Texas Longhorns Need To Plan for Future Without David Ash, Just In Case

Jim Cowsert: USA TODAY Sports

This has been a difficult season for Texas Longhorns starting quarterback David Ash. After suffering a concussion  in the second game of the season, he was forced to sit out the following week. This weekend, he made his return to the field vs. the KSU Wildcats, and was again forced to miss the second half with symptoms of what appears to be another head injury.

It’s unclear whether or not Ash suffered another concussion, which would be his second in 3 games, or if he simply was never fully healed in the first place. Regardless, head injuries are certainly nothing to take lightly, and Ash’s health clearly has to be the top priority from here on out.

At this point, there has been no news on the extent of his most recent injury and nothing to indicate how long he will be out. He may miss no time at all; he may miss the whole season for precautionary measures. No one, including the staff, knows. The Longhorns do have an eleven-day rest before their next game, but two concussions (if it is in fact two separate injuries) in a month is a bit alarming and the Longhorns can neither be too careful nor too prepared. One thing is for certain; the coaches will not rush Ash back into action before he’s ready. Not again.

If the junior quarterback has indeed suffered two concussions, the Longhorns may want to start preparing for a future without Ash, just in case.

The team knows what they have in back-up quarterback Case McCoy. McCoy played well in the first half  last weekend, but once the defenses took away the running game and the short pass, he was rendered ineffective. He also played well in securing the win vs. the Wildcats, leading two scoring drives in the final two quarters, but with McCoy, the team becomes one dimensional. Yes, if he limits the turnovers, he can be a good manager, but if the coaches truly feel they are in contention for the Big 12 crown, a game manager isn’t going to be enough.

Depending on the extent of Ash’s injuries, the Texas staff will soon face a huge decision.

In a perfect world, true freshman quarterback Tyrone Swoopes would be able to take a redshirt this season; however, things aren’t going as planned for the Longhorns, so if Ash indeed is forced to miss more than a game, it’s time to groom the young Mr. Swoopes.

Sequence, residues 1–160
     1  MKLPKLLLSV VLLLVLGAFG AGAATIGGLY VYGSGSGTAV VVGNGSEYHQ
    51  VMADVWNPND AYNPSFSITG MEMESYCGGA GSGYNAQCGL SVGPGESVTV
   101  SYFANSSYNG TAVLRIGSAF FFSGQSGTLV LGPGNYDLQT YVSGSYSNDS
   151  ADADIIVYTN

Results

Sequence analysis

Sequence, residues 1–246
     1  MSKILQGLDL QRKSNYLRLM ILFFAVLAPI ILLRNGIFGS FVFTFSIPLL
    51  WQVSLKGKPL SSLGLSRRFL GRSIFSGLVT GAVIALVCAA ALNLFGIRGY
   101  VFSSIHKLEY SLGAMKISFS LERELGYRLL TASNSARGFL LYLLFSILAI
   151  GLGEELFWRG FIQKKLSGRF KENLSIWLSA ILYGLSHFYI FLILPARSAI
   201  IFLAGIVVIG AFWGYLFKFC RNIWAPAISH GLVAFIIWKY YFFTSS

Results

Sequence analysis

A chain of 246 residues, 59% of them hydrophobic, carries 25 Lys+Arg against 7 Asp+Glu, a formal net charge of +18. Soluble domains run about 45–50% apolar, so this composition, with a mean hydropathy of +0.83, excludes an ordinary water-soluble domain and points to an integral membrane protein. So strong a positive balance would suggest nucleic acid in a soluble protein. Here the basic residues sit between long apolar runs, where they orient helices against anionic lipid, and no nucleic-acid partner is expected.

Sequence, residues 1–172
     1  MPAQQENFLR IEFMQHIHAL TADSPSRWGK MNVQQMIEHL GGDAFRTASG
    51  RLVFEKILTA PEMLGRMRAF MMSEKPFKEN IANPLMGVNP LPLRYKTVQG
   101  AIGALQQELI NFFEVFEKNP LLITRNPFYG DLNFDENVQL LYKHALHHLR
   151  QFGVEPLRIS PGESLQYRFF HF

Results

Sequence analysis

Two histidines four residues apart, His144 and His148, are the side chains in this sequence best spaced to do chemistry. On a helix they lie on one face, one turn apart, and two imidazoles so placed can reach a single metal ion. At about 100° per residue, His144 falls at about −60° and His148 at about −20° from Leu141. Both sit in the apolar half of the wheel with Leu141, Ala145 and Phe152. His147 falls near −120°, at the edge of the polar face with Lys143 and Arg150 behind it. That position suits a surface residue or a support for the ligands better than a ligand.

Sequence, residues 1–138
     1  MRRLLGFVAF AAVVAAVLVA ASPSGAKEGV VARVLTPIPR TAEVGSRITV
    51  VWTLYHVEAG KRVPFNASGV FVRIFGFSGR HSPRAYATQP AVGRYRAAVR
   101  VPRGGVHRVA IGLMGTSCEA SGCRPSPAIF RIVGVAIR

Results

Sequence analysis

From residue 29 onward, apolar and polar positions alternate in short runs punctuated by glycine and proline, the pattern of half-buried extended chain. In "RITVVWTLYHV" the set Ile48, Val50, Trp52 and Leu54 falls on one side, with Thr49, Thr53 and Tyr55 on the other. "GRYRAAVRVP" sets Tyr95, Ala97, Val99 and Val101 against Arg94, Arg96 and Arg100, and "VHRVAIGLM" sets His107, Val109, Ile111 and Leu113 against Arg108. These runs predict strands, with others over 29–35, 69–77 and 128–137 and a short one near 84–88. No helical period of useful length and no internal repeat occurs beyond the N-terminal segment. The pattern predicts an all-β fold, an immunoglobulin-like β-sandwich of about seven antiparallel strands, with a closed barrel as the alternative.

Swoopes provides another element to the position that McCoy, no matter how well he manages the game, cannot bring. Swoopes, like Ash, has the ability to make plays with his feet and the Longhorns are a much, much better team when they have a quarterback that provides a dual-threat option.

Will he give the Longhorns a better chance to win now? It’s hard to say. He may or may not be ready, and McCoy has the experience. But if Ash is forced to miss a lot of time, then why not start planning for the future?

The bottom line is this: If Ash is only out for a game, then perhaps it would be best to try their luck with McCoy. However, if there is a chance he could miss more than one more game, or even worse, a chance that his health could be endangered if he played again at all this season, Swoopes has to be the guy moving forward.

Even if the staff does decide to burn Swoopes’ redshirt and Ash returns sooner rather than later (though his return should not be rushed), then at least Swoopes will have gained some valuable experience that he will carry into next season, when he is the primary back-up to Ash.

The Longhorns need to be very, very careful. Ash’s health is of the utmost concern. If there is any doubt about his return at all (and this point, it’s all a big “if”), they need to protect Ash and begin to plan for the future. Just in case.

 

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